About me

I have been writing poetry and stories since I was a child, and a love of reading was instilled in me from an early age. I am passionate about writing, and hope you enjoy the books I have written. Whilst most of you sleep soundly in your beds, like many Parkinson’s patients, insomnia dictates, so during those hours that sleep eludes me, the house is tranquil and quiet, an atmosphere perfect to immerse myself in writing. My life has been a series of strange events, which have without doubt contributed to my creativity. To publish anything is to bear one’s soul to the world. It is to stand naked and let everyone see who you really are. I have poured my heart and soul out on paper and I hope to share this journey, immersing you in a story, capturing your attention and firing the imagination. Through my writing and public speaking I hope to bring greater awareness to the general public about living with chronic disease.

Tuesday, December 11, 2012

Disabled friendly home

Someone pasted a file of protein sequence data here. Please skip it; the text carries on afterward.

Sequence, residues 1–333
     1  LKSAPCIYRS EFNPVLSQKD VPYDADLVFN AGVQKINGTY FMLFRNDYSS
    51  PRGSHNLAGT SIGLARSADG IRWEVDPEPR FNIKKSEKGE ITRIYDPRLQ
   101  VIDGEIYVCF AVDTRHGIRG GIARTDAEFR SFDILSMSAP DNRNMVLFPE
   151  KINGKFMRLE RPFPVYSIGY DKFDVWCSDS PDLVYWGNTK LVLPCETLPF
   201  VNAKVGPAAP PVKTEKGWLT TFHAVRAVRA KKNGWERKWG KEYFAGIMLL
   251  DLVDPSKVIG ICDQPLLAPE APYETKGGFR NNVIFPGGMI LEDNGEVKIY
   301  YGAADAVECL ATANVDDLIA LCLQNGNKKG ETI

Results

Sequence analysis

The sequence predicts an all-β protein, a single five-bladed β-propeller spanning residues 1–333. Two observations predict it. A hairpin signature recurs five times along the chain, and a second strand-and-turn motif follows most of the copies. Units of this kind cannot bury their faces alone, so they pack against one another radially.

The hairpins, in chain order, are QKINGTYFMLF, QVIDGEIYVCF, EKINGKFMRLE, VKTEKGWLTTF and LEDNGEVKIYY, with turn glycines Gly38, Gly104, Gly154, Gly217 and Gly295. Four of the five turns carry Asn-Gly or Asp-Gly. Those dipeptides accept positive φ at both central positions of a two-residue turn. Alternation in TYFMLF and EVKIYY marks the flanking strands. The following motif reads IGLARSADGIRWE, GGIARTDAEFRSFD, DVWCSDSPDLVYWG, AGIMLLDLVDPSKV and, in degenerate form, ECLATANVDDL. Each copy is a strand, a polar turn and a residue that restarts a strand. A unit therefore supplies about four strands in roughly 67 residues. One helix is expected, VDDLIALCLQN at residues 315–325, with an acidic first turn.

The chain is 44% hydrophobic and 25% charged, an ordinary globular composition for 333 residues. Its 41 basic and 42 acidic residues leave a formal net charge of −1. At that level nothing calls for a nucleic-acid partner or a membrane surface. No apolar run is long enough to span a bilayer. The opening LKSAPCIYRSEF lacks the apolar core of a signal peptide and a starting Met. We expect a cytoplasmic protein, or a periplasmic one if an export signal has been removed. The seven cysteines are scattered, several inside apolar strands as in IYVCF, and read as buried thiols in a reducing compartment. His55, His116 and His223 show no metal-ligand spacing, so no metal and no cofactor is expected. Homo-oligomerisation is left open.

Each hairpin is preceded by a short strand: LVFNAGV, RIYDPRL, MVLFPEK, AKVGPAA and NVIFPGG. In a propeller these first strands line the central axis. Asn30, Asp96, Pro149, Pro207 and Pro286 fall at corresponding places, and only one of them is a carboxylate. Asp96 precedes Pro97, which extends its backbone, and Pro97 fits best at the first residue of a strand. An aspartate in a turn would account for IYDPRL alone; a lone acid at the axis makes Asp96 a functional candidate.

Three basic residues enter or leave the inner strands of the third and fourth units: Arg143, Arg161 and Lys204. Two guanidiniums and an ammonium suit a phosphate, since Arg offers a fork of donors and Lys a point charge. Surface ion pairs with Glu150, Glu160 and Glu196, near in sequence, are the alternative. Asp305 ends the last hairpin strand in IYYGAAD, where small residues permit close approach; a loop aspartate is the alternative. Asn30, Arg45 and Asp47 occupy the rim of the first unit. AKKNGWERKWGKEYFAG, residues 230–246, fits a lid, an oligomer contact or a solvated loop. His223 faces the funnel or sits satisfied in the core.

We have been waiting a very long time to move into our new home, which has been made especially with my disability in mind. All doorways and corridors are wide enough to take a wheelchair, and the light switches low enough for me to reach should I at some point in the future be wheelchair bound. Trying to think of everything to make life as easy as possible in my situation whilst making a home with relatively low maintenance and thinking 'green' takes a great deal of thought and research. My husband must have a diploma by now in disabled friendly appliances, home requirements and restrictions and regulations. Stress being the number one antagonist for Parkinson's, thanks to my very thoughtful caring husband, I have been kept away from the many anxieties and worries involved with building a house. I have merely had the pleasure of choosing the colour of floor tiles, the colour of the paint for the inside and outside walls and other accessories. I must admit I felt like an idiot when the salesman told us to try out the toilets. My husband looked at me as if I was mad. "You can stand and talk in front of a few hundred people about Gaucher and Parkinson with no hesitation, and you won't sit on a toilet in a shop?" he said, laughing at me. Seeing he had a point, I reluctantly sat on a toilet in the showroom, my face turning beetroot red; embarrassed beyond belief, as other customers milled around looking at the various bathroom fixtures on show.  However, once seated I could feel there was a great difference between the heights of various toilets. Clearly choosing the right height toilet when disabled, is of great importance, so shedding my prudish behaviour, I brazenly went ahead and sat on several more until finding the most comfortable one. We then chose sturdy stainless steel bars which will be affixed to the wall next to the toilet and in the shower. What our bathroom will lack in style and chic design, will more than make up for in safety, low maintenance and comfort especially designed for yours truly.

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